So is Avi Buffalo a he or a them? The answer is a definitive yes, as leader Avigdor Zahner-Isenberg has lent his musical nickname—bestowed in childhood by a pal who’d picked up on his friend’s inclination toward spicy chicken wings—to this full-fledged outfit that works something like a solo project in the studio and then builds into a band onstage. Not that he goes it alone when recording—to the contrary, many able-bodied compatriots, including longtime collaborator Sheridan Riley, have assisted with committing his songs to tape—but everything begins and ends with Avi, and after ending a year on the road in support of the first record, he decided to take his time beginning work on the second.

The creation of At Best Cuckold turned out to be a three-year journey; a stretch of time that resembles its predecessor. While transitioning from teenager to twentysomething and traversing the interpersonal wilds which accompany that age, Avi kept playing music (even picking up a new instrument every now and again), collaborated with and produced several friends (including Kevin Litrow’s N.O.W. project and Douglas James Sweeney’s Arjuna Genome), and even started DJing. He also wrote new songs, and by the time 2013 rolled around, it was time to begin capturing his latest sparks—with that, the band headed into the studio on New Year’s Day.

Two weeks later, the basic tracks for At Best Cuckold were recorded, having been captured at Tiny Telephone, the analog-friendly San Francisco studio run by John Vanderslice of John Vanderslice fame. The engineering was actually handled by Jay Pellicci (The Dodos, Deerhoof, Sleater-Kinney), though during his stay, Avi had a chance to play with the head honcho when he was asked to contribute to JV’s tribute to Bowie’s Diamond Dogs. Needless to say, Avi has nice things to say about the place.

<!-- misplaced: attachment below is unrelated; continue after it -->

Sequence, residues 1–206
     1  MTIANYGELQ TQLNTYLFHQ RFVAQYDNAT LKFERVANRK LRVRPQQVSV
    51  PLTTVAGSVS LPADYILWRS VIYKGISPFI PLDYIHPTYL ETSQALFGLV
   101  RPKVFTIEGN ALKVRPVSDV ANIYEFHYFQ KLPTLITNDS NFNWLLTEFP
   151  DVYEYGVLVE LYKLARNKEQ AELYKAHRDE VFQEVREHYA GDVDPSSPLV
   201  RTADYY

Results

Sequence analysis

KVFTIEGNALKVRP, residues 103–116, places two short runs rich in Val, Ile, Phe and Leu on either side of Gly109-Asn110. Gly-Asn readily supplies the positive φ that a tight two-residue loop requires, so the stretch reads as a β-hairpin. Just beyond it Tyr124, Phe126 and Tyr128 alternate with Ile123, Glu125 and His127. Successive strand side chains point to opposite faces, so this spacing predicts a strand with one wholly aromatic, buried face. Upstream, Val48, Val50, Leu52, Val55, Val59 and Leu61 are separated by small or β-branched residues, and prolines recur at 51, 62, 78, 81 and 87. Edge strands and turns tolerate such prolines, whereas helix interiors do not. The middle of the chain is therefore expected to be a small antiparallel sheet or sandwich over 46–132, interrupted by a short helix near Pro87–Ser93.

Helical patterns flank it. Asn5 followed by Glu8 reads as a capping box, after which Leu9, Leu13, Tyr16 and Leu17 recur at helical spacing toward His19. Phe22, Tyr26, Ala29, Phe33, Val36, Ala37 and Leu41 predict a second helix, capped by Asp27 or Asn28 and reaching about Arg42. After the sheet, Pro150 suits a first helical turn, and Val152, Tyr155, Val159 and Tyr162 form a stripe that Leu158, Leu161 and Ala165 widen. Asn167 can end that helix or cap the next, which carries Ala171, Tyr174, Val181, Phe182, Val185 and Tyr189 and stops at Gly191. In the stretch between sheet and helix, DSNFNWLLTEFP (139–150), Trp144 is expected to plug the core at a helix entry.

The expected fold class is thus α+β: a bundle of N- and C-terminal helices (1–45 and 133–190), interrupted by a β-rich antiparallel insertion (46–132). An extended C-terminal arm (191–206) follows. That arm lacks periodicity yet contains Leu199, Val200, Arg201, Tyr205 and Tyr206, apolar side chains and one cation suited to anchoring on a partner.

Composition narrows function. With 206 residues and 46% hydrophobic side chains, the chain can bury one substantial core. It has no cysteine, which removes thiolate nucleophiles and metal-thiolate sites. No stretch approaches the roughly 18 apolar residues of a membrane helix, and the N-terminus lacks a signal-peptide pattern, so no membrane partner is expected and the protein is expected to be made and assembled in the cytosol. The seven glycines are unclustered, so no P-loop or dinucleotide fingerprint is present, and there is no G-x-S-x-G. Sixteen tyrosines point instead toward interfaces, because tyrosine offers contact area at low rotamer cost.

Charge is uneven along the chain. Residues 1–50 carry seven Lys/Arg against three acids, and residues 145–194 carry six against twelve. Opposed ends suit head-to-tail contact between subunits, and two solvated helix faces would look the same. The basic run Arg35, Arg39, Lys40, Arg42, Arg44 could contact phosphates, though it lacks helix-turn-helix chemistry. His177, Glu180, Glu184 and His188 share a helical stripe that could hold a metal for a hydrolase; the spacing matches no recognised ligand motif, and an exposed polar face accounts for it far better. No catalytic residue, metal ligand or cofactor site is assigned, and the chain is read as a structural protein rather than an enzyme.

The “clean and tight” recordings from Tiny Telephone served as perfect skeletons for Avi to flesh out with his analog and digital overdubs, which were completed over the next year or so at various locations around Southern California. (“I’ve always had a lot of fun with overdubs,” says Avi. “Maybe my favorite instrument is overdubs.”) The result—which was completed and mixed with Nicolas Vernhes at his Rare Book Room studio in Brooklyn—is a quirky yet comforting set of songs driven by refined pop songcraft and sneaky moments of grandeur that stick in the brain. Classic-sounding melodies are delivered with a modern sensibility, creating an album that’s equal parts timely and timeless. Well-placed piano, sax, clarinet, French horn, and cornet further enhance the proceedings with a glorious orch-pop sheen.

“So What” gets things started with its understated charm and sing-songy goodness, however, it isn’t until the rollicking “Memories of You” that Avi lets his trademark falsetto fly. There are great pop moments all over At Best Cuckold, but Avi also excels at moodiness, exemplified in subdued beauties like “Two Cherished Understandings” and “Oxygen Tank.”

“I really like some of the ballad aspects of this record—it’s kind of my tribute to the ballad,” says Avi. “I predicted in an interview during the time of my first record what I was going to use in my next record, and I said a lot of major seventh chords, which, to me, sounded like laying down. And that ended up in the record, too.”

Lyrically, there are a lot of unsettled emotions on the album; a product of Avi observing the world around him and writing “about life, dealing with relationships and yourself, and trying to keep your head up and keep learning amidst whatever it is you’re going through.” Disappointment (“Thought we understood each other well / I was wrong as usual”) and anxiety (“Someone told me if I messed around / then my head would fill up with guilty clouds”) abound, though there’s also a feeling that everything is eventually going to turn out okay, even when everything seems to be falling apart during closer “Won’t Be Around No More.” If anything, Avi’s passionate delivery is the ultimate source of optimism.

At the ripe old age of 23, Avi Buffalo is ready to take on the world (again), armed with all of the experience he’s compiled over the past few years. And he’s made sure the second time around will be just as memorable as the first.